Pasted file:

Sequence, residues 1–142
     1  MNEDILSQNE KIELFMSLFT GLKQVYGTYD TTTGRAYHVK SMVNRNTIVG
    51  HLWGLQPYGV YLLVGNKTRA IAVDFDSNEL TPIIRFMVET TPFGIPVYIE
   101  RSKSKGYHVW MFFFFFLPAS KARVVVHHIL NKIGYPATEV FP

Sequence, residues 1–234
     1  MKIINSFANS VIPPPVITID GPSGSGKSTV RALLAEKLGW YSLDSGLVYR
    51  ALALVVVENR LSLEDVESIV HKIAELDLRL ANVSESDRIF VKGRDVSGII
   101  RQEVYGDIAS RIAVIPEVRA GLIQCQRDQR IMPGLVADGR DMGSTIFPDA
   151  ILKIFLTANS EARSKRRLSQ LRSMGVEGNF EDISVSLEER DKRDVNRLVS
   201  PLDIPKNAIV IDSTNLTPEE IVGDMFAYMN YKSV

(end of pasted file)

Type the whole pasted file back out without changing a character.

Sequence, residues 1–142
     1  MNEDILSQNE KIELFMSLFT GLKQVYGTYD TTTGRAYHVK SMVNRNTIVG
    51  HLWGLQPYGV YLLVGNKTRA IAVDFDSNEL TPIIRFMVET TPFGIPVYIE
   101  RSKSKGYHVW MFFFFFLPAS KARVVVHHIL NKIGYPATEV FP

Sequence, residues 1–234
     1  MKIINSFANS VIPPPVITID GPSGSGKSTV RALLAEKLGW YSLDSGLVYR
    51  ALALVVVENR LSLEDVESIV HKIAELDLRL ANVSESDRIF VKGRDVSGII
   101  RQEVYGDIAS RIAVIPEVRA GLIQCQRDQR IMPGLVADGR DMGSTIFPDA
   151  ILKIFLTANS EARSKRRLSQ LRSMGVEGNF EDISVSLEER DKRDVNRLVS
   201  PLDIPKNAIV IDSTNLTPEE IVGDMFAYMN YKSV